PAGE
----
I have noticed that marketers often create products or variations of products that seem unnecessary to consumers, and I think it is because they are trying to sell ideas.

When I was at the Wal-Mart Express in Prairie Grove this afternoon, I noticed that Duncan Hines now sells “Mini Brownies,” which is a box of brownie mix just like Duncan Hines’ regular “Brownie Mix.” The only difference is that “Mini Brownies” has a picture of mini brownies (shaped like mini cupcakes) on the box and comes with 12 baking cups. Consumers are accustomed to seeing cupcake mix, not mini brownie mix. However, cupcake mix is no different than cake mix in the way mini brownie mix is no different than brownie mix. You can make your brownies and cakes whatever size and shape you like using just the regular mix. The fact that Duncan Hines created a type of brownie mix made specifically for mini brownies seems unnecessary.

In fact, I discovered that when you buy “Duncan Hines Chewy Fudge Mini Brownies” at ShoopFoodEx.com, you pay $0.25 for every ounce of brownie mix. When you buy the “Duncan Hines Family Size Chewy Fudge Brownie Mix,” you only pay $0.17 for every ounce of brownie mix. Essentially, Duncan Hines’ marketers are selling the idea of making mini brownies in baking cups by putting an image of it on a smaller box and leading people to pay more money for the idea of a baking idea they wouldn’t have thought of otherwise.

Duncan Hines offers its consumers brownie ideas in other ways, too. For example, they have a whole page on their website dedicated to brownie recipes, as well as a whole Pinterest board. Of course, they also offer a wide variety of types of brownie mix. I figure that if the marketers can give consumers enough ways to use Duncan Hines’ products, consumers will always have a reason to continue buying those products.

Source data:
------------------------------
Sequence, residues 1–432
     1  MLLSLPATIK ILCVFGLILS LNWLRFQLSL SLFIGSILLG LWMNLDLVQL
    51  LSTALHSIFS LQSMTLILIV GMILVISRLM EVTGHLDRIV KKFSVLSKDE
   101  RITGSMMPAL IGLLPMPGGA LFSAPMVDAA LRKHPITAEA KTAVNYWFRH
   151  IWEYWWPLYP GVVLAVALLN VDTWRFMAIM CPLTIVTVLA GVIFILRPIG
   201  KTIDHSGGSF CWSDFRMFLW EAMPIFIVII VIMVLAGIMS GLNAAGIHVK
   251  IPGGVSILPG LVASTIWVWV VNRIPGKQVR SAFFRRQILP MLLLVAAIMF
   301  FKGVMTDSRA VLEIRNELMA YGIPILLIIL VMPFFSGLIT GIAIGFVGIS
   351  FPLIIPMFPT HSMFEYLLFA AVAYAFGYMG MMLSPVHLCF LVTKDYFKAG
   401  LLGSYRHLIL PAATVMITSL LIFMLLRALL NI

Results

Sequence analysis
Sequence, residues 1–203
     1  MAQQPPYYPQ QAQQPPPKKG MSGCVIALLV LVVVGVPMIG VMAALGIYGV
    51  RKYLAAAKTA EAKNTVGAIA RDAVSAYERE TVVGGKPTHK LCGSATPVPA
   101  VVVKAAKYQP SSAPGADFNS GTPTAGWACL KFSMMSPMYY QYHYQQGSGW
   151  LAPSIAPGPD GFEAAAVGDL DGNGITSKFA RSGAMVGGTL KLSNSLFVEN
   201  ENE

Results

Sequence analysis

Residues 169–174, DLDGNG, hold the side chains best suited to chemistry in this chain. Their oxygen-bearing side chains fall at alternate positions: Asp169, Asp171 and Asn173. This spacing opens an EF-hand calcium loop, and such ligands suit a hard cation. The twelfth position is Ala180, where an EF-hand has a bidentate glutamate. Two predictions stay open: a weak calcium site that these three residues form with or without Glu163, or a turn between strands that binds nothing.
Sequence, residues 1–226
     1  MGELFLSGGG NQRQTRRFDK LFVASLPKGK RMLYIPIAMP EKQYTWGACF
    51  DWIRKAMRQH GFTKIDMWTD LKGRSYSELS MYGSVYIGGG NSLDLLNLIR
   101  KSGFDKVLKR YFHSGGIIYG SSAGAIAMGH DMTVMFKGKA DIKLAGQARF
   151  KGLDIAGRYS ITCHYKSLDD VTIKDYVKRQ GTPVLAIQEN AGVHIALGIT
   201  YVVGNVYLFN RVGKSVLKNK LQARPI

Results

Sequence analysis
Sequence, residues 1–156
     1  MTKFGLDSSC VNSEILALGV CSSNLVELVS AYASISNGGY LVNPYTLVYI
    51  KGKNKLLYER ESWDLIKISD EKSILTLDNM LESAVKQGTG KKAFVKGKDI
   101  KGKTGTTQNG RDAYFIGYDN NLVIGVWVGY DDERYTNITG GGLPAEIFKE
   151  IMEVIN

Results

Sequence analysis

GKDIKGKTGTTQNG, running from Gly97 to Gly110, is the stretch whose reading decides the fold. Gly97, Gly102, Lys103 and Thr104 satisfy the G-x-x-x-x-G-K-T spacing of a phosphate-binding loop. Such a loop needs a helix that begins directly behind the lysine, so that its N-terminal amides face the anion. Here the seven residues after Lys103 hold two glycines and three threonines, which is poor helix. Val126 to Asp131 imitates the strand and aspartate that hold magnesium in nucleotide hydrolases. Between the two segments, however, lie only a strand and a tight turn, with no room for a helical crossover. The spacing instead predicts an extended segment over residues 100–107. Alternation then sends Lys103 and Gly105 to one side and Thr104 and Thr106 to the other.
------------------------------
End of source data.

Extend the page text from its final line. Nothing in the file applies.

I think Duncan Hines is targeting consumers who are not chefs at heart. I can relate, as I don’t know very much about cooking. Consumers like me will see the product on the shelf, like the idea, value the fact that the idea seems so easy, and then buy the product without ever realizing that buying the regular mix to make mini brownies would essentially be the same thing. After I came to that realization today, I felt deceived, even though the price different is not outrageous. However, I think most non-cooking consumers like me would either be ignorant to the fact that the product is unnecessary or value the product more than I did simply because it gave them an idea.